Rubus ursinus x ideaus 'Thornless'Item #6991 USDA Hardiness Zone: 5 - 9
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A prolific producer of sweet-tart, large, reddish black fruit in midsummer on second year growth. Small white flowers precede the fruit on thornless canes in spring. The fruit can be eaten fresh, cooked, or frozen. Deciduous.
- DetailBotanical Pronunciation:ROO-bus ur-SEE-nus eye-DAY-usPlant type:Vine - Requires SupportDeciduous/evergreen:DeciduousGrowth rate:FastAverage landscape size:Quickly reaches 5 to 6 ft. tall and wide.Foliage color:GreenBlooms:SpringFlower color:WhiteDesign IdeasPlant this tasty berry near a fence, wall or wherever you can provide plenty of support and room for its fruit-laden, thornless canes. Grow as a freestanding shrub in a large garden bed and stake canes. This berry is an excellent addition to the fruit and kitchen garden.Companion PlantsSalvia (Salvia); Rosemary (Rosmarinus); Yarrow (Achillea); Russian Sage (Perovskia); Lavender (Lavandula)
- CareCare InformationProvide fertile, mildly acidic, well-drained soil. In hot summer regions, shelter from harsh sun, and mulch to keep roots cool. Water deeply, regularly in first growing season to establish extensive root system. Feed in early spring. After harvest, remove canes that have fruited. Leave newer canes to produce next season's crop; train on a trellis.Light Needs:Full sunWatering Needs:Water regularly - weekly, or more often in extreme heat.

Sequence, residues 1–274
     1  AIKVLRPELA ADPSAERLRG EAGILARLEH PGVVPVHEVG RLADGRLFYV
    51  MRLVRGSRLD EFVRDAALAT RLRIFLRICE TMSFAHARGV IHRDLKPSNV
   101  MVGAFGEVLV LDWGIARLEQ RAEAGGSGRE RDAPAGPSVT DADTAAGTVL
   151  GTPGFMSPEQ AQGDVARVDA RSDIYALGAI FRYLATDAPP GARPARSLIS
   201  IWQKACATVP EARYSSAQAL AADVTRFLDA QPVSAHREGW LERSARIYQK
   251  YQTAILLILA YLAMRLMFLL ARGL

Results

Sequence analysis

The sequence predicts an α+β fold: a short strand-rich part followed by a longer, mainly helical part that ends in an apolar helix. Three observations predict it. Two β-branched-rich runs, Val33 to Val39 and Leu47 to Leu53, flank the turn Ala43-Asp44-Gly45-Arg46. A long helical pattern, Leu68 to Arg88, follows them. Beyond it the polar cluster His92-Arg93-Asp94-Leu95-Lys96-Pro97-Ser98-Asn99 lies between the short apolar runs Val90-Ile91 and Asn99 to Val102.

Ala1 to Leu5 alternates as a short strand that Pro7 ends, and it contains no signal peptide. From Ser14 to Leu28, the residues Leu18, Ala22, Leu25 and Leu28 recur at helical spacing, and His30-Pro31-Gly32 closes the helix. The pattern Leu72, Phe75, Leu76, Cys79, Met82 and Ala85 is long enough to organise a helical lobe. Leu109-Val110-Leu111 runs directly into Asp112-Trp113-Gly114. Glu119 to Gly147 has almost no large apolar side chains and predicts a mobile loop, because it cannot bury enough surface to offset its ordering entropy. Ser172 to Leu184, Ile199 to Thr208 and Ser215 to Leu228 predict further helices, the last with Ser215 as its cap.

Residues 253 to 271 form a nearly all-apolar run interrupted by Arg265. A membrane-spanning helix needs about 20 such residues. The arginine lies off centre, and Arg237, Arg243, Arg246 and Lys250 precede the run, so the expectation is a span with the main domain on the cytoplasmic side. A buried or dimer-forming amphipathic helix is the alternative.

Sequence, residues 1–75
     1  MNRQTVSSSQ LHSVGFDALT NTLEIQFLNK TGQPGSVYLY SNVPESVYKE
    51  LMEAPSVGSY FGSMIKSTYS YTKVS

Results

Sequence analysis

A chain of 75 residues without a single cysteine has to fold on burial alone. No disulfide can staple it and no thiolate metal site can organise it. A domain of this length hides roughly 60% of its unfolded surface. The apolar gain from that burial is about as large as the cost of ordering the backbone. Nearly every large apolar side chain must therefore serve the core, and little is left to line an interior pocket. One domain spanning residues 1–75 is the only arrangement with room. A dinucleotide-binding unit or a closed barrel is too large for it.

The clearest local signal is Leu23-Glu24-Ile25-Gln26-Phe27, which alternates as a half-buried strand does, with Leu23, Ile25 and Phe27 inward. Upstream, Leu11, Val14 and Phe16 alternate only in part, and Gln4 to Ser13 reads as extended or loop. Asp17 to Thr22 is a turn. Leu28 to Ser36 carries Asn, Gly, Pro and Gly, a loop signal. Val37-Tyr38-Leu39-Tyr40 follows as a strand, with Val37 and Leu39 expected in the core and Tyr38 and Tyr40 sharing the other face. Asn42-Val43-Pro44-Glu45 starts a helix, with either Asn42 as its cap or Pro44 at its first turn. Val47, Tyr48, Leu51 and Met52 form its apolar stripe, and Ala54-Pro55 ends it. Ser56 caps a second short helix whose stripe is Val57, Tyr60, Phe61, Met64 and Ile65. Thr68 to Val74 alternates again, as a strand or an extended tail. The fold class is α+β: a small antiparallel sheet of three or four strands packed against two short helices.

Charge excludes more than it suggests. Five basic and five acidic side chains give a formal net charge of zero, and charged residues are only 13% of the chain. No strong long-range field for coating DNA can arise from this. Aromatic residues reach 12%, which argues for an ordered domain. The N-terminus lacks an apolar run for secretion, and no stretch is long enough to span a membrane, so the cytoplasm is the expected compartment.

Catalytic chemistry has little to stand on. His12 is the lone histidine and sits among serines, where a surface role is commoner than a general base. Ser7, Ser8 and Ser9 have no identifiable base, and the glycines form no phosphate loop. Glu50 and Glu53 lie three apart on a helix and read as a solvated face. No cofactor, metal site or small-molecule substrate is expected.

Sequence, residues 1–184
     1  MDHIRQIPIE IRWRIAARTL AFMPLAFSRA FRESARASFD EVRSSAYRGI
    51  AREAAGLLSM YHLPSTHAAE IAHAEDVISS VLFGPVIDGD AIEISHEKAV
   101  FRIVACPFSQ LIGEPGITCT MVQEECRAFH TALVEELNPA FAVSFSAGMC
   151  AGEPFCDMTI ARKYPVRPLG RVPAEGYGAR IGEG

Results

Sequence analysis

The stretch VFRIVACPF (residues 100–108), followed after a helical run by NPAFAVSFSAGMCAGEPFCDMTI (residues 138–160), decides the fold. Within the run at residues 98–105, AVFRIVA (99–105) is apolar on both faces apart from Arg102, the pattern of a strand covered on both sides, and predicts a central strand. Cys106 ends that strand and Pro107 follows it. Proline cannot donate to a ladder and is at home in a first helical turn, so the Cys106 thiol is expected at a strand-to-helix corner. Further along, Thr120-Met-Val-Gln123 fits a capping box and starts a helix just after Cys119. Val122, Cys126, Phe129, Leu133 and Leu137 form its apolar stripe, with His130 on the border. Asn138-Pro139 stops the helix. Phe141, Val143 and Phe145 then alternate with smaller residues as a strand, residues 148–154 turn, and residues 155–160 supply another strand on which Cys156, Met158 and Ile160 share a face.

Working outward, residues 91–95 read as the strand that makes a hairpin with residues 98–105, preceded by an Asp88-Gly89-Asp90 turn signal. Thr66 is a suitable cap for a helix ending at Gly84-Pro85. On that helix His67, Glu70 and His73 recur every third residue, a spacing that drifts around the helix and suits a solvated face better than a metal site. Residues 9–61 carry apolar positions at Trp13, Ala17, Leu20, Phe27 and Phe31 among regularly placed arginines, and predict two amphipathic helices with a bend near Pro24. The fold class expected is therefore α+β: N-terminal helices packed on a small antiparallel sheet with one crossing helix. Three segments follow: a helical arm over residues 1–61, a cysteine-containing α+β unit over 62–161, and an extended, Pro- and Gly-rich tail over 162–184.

- History & LoreHistory:The genus Rubus includes many different plants collectively known as "brambles" because they share viney growth and wickedly sharp thorns. This species is native to California and Oregon, named from the Latin for bear, the local wildlife that fed most heavily on the fruit. This thornless form was developed in California from the 1923 cultivar, 'Boysen'.Lore:The name blackberry is a misnomer because this isn't a true berry. It's a drupe, an entirely different sort of fruit.